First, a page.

New courthouse in Annapolis gets first nod

February 05, 1993|By John Rivera | John Rivera,Staff Writer

A county advisory panel gave preliminary approval yesterday to $33.5 million worth of capital projects, including plans for a new county courthouse in Annapolis that would preserve the historic part of the existing building.

The Planning Advisory Board, which makes budget recommendations to the county executive, also gave conditional approval for a new firehouse on General's Highway in Crownsville.

Final votes on those and other projects from various county departments are expected March 4 before the board presents its interim report to Robert R. Neall, the executive.

The plan for a $43 million courthouse that would take up most of the block bordered by Church Circle, South, Cathedral and Franklin streets, is one of the county's most ambitious building -- projects.

County officials, who included members of the Annapolis Historic District Commission on their planning team, first negotiated their way around height and bulk restrictions imposed by the commission.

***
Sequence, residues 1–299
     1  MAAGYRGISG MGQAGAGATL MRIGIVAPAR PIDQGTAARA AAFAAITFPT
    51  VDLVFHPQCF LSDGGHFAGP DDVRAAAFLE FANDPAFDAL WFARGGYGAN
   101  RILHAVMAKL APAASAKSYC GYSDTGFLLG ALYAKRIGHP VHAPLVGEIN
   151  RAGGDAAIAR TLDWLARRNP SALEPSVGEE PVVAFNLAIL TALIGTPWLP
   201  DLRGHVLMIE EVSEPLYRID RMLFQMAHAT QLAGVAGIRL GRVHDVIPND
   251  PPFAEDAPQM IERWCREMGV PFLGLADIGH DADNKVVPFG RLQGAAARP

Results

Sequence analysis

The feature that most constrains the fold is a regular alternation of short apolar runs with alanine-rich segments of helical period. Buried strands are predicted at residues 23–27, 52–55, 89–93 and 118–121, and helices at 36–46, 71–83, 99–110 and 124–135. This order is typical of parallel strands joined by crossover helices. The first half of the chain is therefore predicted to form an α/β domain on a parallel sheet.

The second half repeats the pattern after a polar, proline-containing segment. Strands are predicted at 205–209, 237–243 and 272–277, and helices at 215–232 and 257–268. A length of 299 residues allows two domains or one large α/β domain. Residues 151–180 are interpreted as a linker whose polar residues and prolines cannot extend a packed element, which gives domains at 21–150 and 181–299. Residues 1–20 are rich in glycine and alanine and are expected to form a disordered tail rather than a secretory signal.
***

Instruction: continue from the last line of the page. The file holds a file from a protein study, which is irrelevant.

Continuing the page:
Meanwhile, the county's architect has drafted a plan that would limit the height of the courthouse where it abuts the Banneker-Douglass museum on Franklin Street and allow it to rise to its highest level across Cathedral Street from Anne Arundel General Hospital.

Before construction begins, an archaeological dig will be done, particularly along Franklin Street, where it is believed a community of free blacks lived during Colonial times, said Rodell E. Phaire, a public works engineer.

The county plans to spend $12.5 million on the courthouse project in the coming fiscal year, $14.3 million in fiscal 1995 and another $14.3 million in 1996.

County officials said they expect to start advertising for construction bids in the summer of 1994.

The vote on the Crownsville fire station was one the board put off last week.

They asked fire officials to study the possibility of consolidating fire services for West Annapolis and Heritage Harbor at Crownsville so that only one station would be needed.

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